First of all I have to say that on the whole I see the Google Farmer update as a positive change, a move towards a better quality of search, but I say “on the whole” as there is no doubt some collateral damage in the so-called ‘War on Spam’.
The power of the long tail, and Google’s drum banging of its “content is king” mantra spawned a whole era of netrepreneurs that saw the correlation between writing unique content tailored to search queries to earn traffic, then monetising that traffic either by affiliation or with Adsense (a Google product ironically).
So 1 page became 10, and 10 pages became 504,000 (mahalo.com).
Now it appears that era is over, and Google have found and deployed a new algorithmic method of analysing site/page quality. This is a revelation, and I have to say when you look at the top 25 list as covered by Sistrix I think they nailed it.
So what changed?
Over at SEOMoz, Rand and his research team have (to my mind at least) determined that it’s not a link analysis update, and in the post he speculates that:
- “sites whose pages had fewer and/or less intrusive blocks of advertisements on them tended to be in the winner bucket”
- “sites whose UI/design would likely be described as more modern, high quality, thoughtful and “attractive” were winners vs. the “ugly” sites that tended to be in the loser bucket.”
- “those that tended to attract “thin” contributions (think EzineArticles, Hubpages or Buzzle) lost”
I agree with all of those points, but as Rand continues in the post, it would be hard (and dangerous) to deploy that analysis algorithmically, especially the design factor.
I don’t think any one element was used to score and downgrade these sites, but I have been looking around for another voice that makes reference to something that struck me immediately:
Is Google considering Social Media Buzz when evaluating sites with lots of content?
Google appears to have invested heavily in understanding, listening to and interpreting social media buzz – with “Realtime” entries in Google search results fed from Twitter acting almost as an instant barometer of importance. To that end, I suggest that Google looks at brand mentions in the social sphere when evaluating sites.
If Google trusts the word of the masses so much in social circles, and has established that this metric would be very difficult to fake, doesn’t it stand to reason that it would use it as an informal quality score?
Looking very speculatively at brand mentions vs size of site we can compare some winners and losers of similar site size to create at least some food for thought.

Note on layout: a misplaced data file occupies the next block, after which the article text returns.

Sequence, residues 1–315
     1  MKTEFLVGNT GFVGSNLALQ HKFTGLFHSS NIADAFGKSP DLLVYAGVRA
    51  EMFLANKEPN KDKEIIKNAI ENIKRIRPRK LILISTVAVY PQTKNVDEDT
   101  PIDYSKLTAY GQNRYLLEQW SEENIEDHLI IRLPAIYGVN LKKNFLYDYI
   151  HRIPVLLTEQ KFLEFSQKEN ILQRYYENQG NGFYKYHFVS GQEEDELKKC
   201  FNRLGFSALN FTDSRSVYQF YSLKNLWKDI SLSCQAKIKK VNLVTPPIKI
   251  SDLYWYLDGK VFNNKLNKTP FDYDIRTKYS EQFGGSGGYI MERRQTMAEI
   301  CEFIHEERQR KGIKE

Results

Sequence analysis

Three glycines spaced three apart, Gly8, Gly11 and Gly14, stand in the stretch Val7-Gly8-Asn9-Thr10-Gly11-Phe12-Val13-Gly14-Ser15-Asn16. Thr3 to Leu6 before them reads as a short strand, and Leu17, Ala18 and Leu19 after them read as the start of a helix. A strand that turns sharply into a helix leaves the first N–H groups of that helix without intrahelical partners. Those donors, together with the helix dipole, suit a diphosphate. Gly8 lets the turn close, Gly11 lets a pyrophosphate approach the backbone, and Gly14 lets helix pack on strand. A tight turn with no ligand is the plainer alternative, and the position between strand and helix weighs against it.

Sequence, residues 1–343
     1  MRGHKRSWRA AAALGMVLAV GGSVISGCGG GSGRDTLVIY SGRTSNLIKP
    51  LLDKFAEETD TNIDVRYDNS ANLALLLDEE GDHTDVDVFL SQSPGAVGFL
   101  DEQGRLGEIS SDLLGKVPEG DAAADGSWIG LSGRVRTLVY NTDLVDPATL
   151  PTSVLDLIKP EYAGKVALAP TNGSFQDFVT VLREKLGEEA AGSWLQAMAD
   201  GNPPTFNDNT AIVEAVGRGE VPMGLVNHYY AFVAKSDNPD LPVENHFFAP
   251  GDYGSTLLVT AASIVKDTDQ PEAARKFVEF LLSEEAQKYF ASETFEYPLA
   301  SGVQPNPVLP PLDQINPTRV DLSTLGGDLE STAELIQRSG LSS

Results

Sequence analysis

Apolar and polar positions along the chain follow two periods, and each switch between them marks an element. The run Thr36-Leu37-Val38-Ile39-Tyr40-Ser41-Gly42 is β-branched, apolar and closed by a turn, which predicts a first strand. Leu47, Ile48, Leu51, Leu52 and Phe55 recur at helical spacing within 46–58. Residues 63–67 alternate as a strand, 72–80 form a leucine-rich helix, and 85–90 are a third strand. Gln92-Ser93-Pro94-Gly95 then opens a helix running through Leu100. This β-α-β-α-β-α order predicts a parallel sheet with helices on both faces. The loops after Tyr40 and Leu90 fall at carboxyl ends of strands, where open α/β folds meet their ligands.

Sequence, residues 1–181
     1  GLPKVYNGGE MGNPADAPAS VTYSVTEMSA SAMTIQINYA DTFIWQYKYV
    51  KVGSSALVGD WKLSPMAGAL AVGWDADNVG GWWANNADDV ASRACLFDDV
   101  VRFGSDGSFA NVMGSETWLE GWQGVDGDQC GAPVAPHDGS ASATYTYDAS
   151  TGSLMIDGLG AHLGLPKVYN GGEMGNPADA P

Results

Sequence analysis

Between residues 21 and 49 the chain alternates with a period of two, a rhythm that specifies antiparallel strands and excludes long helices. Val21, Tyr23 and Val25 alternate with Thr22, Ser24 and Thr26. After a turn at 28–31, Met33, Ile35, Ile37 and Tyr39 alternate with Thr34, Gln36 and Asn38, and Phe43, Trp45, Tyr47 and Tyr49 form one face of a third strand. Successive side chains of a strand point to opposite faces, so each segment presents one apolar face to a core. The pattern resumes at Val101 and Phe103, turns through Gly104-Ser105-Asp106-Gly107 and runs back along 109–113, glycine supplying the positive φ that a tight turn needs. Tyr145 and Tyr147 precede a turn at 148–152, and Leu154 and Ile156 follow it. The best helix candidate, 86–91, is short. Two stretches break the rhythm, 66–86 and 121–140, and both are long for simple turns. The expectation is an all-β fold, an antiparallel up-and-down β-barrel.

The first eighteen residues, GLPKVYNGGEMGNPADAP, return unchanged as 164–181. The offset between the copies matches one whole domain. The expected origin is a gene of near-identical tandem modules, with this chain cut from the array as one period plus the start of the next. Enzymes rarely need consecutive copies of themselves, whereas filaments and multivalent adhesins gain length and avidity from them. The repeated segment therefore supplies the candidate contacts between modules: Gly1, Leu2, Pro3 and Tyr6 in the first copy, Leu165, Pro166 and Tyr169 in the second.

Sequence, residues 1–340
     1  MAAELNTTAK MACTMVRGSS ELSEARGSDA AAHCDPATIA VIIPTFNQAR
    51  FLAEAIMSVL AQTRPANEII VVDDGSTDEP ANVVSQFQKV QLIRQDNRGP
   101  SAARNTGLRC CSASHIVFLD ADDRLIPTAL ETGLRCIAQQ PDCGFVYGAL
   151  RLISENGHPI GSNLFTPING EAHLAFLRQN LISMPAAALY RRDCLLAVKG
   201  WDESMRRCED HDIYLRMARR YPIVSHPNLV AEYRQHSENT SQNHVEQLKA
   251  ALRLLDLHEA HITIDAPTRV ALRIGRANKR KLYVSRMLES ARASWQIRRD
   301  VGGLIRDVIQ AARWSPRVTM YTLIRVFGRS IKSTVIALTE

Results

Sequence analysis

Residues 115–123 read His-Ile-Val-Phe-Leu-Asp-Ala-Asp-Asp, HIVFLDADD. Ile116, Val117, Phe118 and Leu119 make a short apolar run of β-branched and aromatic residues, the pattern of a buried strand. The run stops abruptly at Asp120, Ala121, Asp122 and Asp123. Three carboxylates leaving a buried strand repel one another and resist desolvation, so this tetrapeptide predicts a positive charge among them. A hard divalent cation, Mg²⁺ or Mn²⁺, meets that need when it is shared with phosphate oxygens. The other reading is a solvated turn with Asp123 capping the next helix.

M = Twitter Mentions (Note 1)
P = Pages in Google index (Note 2)
Z = ZWS Raw Buzz Score (P Divided by M multiplied by 1000)
M = 126
P = 113,000
Z = 1.1
M = 665
P = 63,500
Z = 10.5
M = 17,400
P = 20,000,000
Z = 0.9
M = 70,300
P = 21,900,00
Z = 3.2
Notes On Research techniques:
Note 1: I have used a custom date range to filter out the “Buzz” now appearing about these sites as a result of the update, so the mentions occurred between 01/01/10-31/12/10.
Query Used : “brandname” site:twitter.com -site:twitter.com/brandtwitter
Note 2: site:domain.com on Google.co.uk.
The Get Out Clause
These numbers draw speculative conclusions and of course there are lots of other social media sites to monitor, but I only include these basic workings and an opinion on the matter for the purposes of starting a discussion.
There are anomalies such as Hubpages, which have quite a bit of buzz (score 1.8) where Instructables have a score of 1.
But on the whole, in my brief workings the “Winner” sites had around 6 or 7 times more buzz than their “Loser” Counterparts.
On that basis, albeit without the in-depth research this question deserves I believe that the Google Farmer update has looked for:
- Social media buzz/brand mentions + links for bigger sites, just links from social media sites for smaller sites.
- Adsense code location on page (More intrusion, less credibility)
- Outbound links on page (Apply some “green light” ratio for number of affiliate/non-affiliate external links on a page)
- Internal links on the page to other deep, long page name articles
All of the factors above, if combined would wipe out almost all thin affiliates and content farms for the following reasons:
- Mr/Mrs A F Illiate would set up sites en mass, with a formulaic approach to adsense block placement (to try to improve CTR)
- He/she would not want to lose visitors by linking anywhere other than to their affiliate partners
- He/she would use software/wordpress plugin to link with anchor text rich links to other articles on their own site.
- As the sites are numerous, and require a “one-hit” add-5-pages-get-5-links-wait-to-rank approach, the webmaster would have no way of setting up a social media profile for the site, and as such would receive almost zero links from these places
The conclusions above are my own personal opinion, but certainly the sites that are/were penalised do fit quite nicely into all of the criteria in the bulleted list above.
Keen to hear any other opinions and findings around the topic of this update.
… but to quote Socrates:
True knowledge exists in knowing that you know nothing
Image Credit: Andrew Stawarz